…”The notion that today’s mob families are more genteel and less violent than in the past is put to lie by the charges contained in the indictments unsealed today,” said Janice Fedarcyk, assistant director in charge of our New York Field Office. “Even more of a myth is the notion that the mob is a thing of the past; that La Cosa Nostra is a shadow of its former self.”
The Mafia—also known as La Cosa Nostra (LCN)—may have taken on a diminished criminal role in some areas of the country, but in New York, the Five Families are still “extremely strong and viable,” said Dave Shafer, an assistant special agent in charge who supervises FBI organized crime investigations in New York.
Today’s operation began before dawn. Some 500 FBI personnel—along with about 200 local, state, and other federal law enforcement officers — took part, including key agencies such as the New York Police Department and the Department of Labor Office of Inspector General. By 11 a.m., more than 110 of the 127 subjects charged had been taken into custody.
The idea for a nationally coordinated LCN takedown originated at the Department of Justice last summer, said Shafer, a veteran organized crime investigator. “We have done big LCN takedowns before, but never one this big.”
Among those charged:
* Luigi Manocchio, 83, the former boss of the New England LCN;
* Andrew Russo, 76, street boss of the Colombo family;
* Benjamin Castellazzo, 73, acting underboss of the Colombo family;
* Richard Fusco, 74, consigliere of the Colombo family;
* Joseph Corozzo, 69, consigliere of the Gambino family; and
* Bartolomeo Vernace, 61, a member of the Gambino family administration.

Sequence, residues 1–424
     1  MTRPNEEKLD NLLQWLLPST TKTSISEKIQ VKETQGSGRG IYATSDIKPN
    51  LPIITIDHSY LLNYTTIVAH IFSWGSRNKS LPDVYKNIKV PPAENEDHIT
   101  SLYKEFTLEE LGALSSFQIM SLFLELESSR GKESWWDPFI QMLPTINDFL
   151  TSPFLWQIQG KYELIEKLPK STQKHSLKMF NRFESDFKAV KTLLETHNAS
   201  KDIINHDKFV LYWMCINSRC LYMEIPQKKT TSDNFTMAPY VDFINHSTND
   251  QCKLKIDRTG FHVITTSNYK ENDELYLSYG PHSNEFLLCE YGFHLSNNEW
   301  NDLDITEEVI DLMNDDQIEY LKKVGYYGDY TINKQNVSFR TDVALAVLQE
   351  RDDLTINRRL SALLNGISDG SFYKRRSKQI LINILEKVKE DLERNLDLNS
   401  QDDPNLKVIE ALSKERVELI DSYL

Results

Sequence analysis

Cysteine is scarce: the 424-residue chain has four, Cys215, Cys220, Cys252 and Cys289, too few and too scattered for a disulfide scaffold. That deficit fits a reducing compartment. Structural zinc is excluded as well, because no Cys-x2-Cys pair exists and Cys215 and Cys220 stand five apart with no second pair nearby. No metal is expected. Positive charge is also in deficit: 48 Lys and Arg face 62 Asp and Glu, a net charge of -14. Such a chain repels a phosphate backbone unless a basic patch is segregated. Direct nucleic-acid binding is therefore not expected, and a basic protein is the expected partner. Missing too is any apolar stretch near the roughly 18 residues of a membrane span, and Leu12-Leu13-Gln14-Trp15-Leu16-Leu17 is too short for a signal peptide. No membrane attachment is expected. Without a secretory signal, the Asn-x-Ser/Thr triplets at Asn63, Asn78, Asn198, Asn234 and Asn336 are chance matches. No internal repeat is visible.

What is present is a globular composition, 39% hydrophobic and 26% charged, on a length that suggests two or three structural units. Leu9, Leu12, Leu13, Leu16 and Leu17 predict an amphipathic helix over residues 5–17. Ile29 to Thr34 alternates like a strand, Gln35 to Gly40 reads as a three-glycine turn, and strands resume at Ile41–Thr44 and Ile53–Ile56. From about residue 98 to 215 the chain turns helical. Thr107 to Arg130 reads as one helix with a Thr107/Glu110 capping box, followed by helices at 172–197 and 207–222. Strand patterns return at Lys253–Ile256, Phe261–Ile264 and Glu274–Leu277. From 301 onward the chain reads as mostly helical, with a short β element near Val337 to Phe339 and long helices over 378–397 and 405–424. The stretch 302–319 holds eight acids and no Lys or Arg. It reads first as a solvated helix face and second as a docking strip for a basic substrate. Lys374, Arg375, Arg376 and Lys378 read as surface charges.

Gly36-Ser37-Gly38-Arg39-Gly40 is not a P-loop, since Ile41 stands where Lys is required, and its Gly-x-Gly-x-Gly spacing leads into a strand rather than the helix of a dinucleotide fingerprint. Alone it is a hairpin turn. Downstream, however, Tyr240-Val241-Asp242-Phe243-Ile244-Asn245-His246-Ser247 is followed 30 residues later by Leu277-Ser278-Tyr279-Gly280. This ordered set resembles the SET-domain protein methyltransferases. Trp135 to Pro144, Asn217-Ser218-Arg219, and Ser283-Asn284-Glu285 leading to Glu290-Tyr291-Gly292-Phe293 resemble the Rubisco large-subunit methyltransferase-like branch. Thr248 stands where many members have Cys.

The LCN operates in many U.S. cities and routinely engages in threats and violence to extort victims, eliminate rivals, and obstruct justice. In the union case involving the ILA, court documents allege that the Genovese family has engaged in a multi-decade conspiracy to influence and control the unions and businesses on the New York-area piers.
“If there’s money to be made,” said Diego Rodriguez, special agent in charge of the FBI’s New York criminal division, “LCN will do it.” He noted that today’s Mafia has adapted to the times. “They are still involved in gambling and loan sharking, for example, but in the old days the local shoemaker took the betting slips. Now it’s offshore online gambling and money laundering. If you investigate LCN in New York,” Rodriguez added, “it’s a target-rich environment.”
I can only presume the New England family they’re talking about must be the old Patriarca family that exercises control over both Boston, Massachusetts and Providence, Rhode Island — but Raymond Patriarca died in 1984, and his son retired in 1989 upon his incarceration, so apparently the FBI now calls it the “New England” family.
Incidentally, it was the Boston branch of this family that was under fire by corrupt FBI agent John Connolly working with South Boston Irish mobster James “Whitey” Bulger, who provided the FBI with information against La Cosa Nostra in an attempt to consolidate his own power. Bulger has been a federal fugitive since 1999 (and is still on the FBI’s Ten Most Wanted list.